While transmission and distribution manufacturers are eyeing offshore wind with interest, it fails to rank for them as “a massive global opportunity”. “They will try to adjust production as little as possible and use equipment developed for onshore,” he said. Even onshore, further hurdles must be overcome in getting power to homes. “You need massive corridors of connection – and how do you connect it to existing infrastructure without a heck of a lot more pylons? Some people somewhere will have to put up with big pylons,” he said. The effects of public hostility to such infrastructure can be seen in the prolonged delay to Scotland’s Beauly to Denny 440 kV overhead power line for connecting renewables to the grid.

For Vestas’s Madsen, an encouraging political backdrop also has yet to clear the bureaucratic hurdles from the path of offshore wind. “A lot of permitting still needs to be done,” he said. “Even in the UK it still needs to become clearer. The seabed is laid out and the initial planning of where cables will come to shore is being done. But formal due diligence and environmental impact report still needs to be done.”

Fig 1: A computer generated image of Alstom’s 6 MW contender for the offshore wind market
Fig 1: A computer generated image of Alstom’s 6 MW contender for the offshore wind market

A SHAKEOUT LOOMS

Such challenges are clearly no deterrent for turbine manufacturers, drawn by abundant opportunity and spurred by the race for an early lead – “It is very important to be first,” says Frédéric Hendrick, vice-president OffShore Alstom Wind.

Doosan sees room for many companies to enjoy success, said Aubertin. “The utilities have already recognized that they will not be going for one or two manufacturers,” he said. “Each of them will want to share their wind farms between two or three manufacturers. For sure no one manufacturer can take it all. We are aiming for 20 per cent of the market.”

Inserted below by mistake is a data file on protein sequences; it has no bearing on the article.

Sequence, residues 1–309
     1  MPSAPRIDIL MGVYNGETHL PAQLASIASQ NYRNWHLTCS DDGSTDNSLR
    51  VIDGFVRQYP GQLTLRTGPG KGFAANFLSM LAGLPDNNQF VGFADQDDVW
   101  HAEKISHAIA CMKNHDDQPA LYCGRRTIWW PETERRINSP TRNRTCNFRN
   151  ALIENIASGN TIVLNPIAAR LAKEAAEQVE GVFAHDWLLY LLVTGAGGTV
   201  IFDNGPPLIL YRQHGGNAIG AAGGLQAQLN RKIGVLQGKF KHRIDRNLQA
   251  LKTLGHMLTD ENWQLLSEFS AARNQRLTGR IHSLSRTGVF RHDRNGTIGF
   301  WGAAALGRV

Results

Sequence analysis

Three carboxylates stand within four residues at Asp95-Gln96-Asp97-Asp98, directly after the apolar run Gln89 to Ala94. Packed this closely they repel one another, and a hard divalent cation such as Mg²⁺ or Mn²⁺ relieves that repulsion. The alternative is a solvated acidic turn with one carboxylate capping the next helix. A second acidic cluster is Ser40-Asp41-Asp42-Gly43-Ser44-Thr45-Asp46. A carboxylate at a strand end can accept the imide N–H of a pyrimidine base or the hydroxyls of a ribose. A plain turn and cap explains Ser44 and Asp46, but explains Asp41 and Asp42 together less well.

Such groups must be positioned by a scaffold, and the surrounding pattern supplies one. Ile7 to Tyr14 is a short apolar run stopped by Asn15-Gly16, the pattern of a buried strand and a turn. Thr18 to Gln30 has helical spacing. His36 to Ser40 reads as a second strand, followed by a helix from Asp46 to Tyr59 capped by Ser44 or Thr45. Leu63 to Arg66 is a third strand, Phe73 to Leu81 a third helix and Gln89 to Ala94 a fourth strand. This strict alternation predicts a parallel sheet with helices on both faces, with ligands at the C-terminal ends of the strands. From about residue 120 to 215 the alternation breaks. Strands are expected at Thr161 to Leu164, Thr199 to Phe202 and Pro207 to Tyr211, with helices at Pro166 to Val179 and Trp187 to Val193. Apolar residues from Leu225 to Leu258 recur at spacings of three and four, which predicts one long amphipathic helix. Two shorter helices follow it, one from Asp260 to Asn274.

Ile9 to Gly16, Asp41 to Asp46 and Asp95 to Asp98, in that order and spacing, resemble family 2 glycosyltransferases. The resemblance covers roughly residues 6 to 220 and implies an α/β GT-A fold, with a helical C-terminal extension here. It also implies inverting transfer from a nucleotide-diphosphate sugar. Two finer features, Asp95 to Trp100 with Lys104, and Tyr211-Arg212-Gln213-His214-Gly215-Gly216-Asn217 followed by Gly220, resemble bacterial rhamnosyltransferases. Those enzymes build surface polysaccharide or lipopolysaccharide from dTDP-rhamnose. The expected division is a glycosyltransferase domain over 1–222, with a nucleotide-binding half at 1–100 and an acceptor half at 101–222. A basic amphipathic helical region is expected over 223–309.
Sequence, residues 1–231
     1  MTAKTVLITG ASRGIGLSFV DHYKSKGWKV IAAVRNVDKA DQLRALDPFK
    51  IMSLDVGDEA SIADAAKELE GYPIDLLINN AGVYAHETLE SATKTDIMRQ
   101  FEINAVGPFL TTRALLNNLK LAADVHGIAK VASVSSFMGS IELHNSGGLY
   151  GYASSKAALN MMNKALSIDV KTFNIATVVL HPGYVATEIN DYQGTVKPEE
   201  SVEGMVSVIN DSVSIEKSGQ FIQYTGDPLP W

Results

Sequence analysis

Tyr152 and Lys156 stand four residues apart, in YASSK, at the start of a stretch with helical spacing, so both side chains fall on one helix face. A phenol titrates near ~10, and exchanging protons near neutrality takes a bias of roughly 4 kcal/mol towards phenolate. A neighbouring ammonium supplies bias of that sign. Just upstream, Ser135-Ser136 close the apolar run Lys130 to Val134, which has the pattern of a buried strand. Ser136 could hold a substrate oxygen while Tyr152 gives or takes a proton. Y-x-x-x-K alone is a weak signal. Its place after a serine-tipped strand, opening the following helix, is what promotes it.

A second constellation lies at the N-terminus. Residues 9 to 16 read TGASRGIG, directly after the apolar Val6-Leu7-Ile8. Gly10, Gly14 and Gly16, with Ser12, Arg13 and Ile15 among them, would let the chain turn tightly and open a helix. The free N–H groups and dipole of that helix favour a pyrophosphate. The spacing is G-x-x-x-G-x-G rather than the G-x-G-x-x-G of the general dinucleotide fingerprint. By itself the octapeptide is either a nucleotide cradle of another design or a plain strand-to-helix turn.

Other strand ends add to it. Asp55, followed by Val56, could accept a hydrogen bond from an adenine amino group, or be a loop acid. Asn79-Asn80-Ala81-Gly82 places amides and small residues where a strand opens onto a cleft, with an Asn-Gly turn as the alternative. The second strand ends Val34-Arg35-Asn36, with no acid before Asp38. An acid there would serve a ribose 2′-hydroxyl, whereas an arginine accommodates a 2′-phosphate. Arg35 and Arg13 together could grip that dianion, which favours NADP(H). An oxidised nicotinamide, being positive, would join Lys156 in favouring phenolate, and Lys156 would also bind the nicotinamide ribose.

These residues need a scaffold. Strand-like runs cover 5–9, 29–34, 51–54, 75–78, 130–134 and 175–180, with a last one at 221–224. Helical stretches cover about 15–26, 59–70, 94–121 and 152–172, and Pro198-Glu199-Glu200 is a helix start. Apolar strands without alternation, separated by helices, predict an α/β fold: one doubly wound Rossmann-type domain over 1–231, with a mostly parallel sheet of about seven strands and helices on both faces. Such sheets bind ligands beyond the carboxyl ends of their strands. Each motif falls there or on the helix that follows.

In pursuit of this goal Doosan is among many companies – including General Electric, Vestas, Siemens, Mitsubishi and REpower – in planning to manufacture in the UK. The company hopes to eventually employ 500 staff in building turbines at Renfrew in Scotland.

Yet Round 3 will also thin the ranks of offshore wind contenders, says Dr Court. “There is still is a lot of variety but it will consolidate. We won’t have 20 machines in ten years’ time.” In his view, developers and utilities are also itching to narrow the field. “There is a contradiction inherent in what the industry wants. They want a dominant design so they can order hundreds – but they don’t want to put all their eggs in one basket.”

It is already possible to pick the winners? For Aubertin, the firms to come out on top will be ones with the financial clout back up their technological brilliance. “Financing is going to be very different and very demanding and unless you are part of a group with deep pockets, you will struggle,” he said. “I am rather convinced that by the end of the day you will have some consolidation and this consolidation will favour the groups and companies that have access to some serious finances.”

His opinion is echoed, in ringing terms, by Frédéric Hendrick, vice-president of offshore wind for Alstom: “Size matters: size of rotor and size of company. Investment is so big for customers that they want to deal with a supplier with a large balance sheet.” He sees an additional edge for Alstom as one of the few companies that provide both turbines and substations.

GEARS VS DIRECT DRIVE

In terms of turbine technology, though, the fiercest battle line is probably between geared and direct-drive solutions – a vital issue as data from existing farms suggests failures in drivetrains, generators and gearboxes are behind 39 per cent of downtime.

“The most simple design is a synchronous machine,” argues Hendrick. In his view, the priorities of being simple, robust and efficient demand a direct drive solution with permanent magnets. Siemens likewise places direct drive technology as a selling point for its SWT-6.0-120, the company’s third direct-drive turbine.